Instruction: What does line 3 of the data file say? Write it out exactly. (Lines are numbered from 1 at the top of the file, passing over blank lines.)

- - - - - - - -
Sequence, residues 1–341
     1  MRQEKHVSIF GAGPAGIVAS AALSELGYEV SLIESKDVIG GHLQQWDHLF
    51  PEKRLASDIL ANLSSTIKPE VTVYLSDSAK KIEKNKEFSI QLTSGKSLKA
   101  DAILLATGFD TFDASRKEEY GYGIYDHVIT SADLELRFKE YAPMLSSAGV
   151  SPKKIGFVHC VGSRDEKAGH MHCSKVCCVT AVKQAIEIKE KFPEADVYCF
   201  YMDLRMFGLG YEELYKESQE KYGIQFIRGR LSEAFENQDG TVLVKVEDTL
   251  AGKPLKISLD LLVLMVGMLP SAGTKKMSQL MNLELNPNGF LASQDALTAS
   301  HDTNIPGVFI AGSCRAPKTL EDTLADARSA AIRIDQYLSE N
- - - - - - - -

    51  PEKRLASDIL ANLSSTIKPE VTVYLSDSAK KIEKNKEFSI QLTSGKSLKA